"Wickedness or not," said the traveller with the twisted staff, "I have a very general acquaintance here in New England. The deacons of many a church have drunk the communion wine with me; the selectmen of divers towns make me their chairman; and a majority of the Great and General Court are firm supporters of my interest. The governor and I, too--But these are state secrets."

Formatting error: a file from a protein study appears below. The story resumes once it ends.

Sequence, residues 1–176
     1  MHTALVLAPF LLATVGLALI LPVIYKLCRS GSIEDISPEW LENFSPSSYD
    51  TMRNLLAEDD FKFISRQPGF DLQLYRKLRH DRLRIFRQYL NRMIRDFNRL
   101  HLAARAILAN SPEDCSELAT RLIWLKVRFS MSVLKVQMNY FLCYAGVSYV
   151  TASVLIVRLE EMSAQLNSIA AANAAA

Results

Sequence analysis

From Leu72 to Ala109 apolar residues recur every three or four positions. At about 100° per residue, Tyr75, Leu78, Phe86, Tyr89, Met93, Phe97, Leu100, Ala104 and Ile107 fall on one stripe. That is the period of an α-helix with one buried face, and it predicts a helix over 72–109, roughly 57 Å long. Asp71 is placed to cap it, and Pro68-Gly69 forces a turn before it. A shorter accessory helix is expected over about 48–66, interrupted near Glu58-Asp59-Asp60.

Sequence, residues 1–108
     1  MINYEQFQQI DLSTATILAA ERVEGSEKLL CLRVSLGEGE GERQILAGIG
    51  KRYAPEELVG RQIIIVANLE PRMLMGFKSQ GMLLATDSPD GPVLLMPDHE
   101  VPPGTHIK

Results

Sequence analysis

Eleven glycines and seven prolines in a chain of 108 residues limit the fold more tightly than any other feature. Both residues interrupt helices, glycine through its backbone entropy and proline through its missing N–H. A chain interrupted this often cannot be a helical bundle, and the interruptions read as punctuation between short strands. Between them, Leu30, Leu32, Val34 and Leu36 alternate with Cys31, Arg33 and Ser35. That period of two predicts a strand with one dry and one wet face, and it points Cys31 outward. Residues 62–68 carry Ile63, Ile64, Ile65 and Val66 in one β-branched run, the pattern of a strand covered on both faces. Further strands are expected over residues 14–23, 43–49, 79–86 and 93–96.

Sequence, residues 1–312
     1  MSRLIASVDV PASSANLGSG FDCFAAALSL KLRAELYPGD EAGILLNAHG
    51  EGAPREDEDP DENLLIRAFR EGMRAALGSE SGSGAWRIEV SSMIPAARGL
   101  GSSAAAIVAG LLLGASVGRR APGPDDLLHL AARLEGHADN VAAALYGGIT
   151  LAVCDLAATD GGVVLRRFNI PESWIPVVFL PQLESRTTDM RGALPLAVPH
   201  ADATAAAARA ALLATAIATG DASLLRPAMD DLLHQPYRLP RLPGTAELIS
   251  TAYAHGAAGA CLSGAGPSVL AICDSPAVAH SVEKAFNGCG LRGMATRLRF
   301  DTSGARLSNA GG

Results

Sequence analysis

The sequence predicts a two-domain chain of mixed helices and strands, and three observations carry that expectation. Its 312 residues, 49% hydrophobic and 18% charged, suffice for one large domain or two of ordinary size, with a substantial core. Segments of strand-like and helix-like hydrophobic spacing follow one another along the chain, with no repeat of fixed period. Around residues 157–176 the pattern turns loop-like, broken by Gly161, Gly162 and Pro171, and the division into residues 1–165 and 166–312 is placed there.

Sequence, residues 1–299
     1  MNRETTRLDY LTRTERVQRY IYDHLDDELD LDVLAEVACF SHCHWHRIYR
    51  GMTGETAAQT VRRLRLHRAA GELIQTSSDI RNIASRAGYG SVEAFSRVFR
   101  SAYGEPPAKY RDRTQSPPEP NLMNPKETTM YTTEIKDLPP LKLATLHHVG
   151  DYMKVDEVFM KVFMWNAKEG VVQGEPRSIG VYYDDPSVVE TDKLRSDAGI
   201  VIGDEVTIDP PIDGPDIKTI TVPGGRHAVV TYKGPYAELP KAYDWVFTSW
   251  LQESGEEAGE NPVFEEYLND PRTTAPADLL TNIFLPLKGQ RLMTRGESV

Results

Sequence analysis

"Can this be so?" cried Goodman Brown, with a stare of amazement at his undisturbed companion. "Howbeit, I have nothing to do with the governor and council; they have their own ways, and are no rule for a simple husbandman like me. But, were I to go on with thee, how should I meet the eye of that good old man, our minister, at Salem village? Oh, his voice would make me tremble both Sabbath day and lecture day."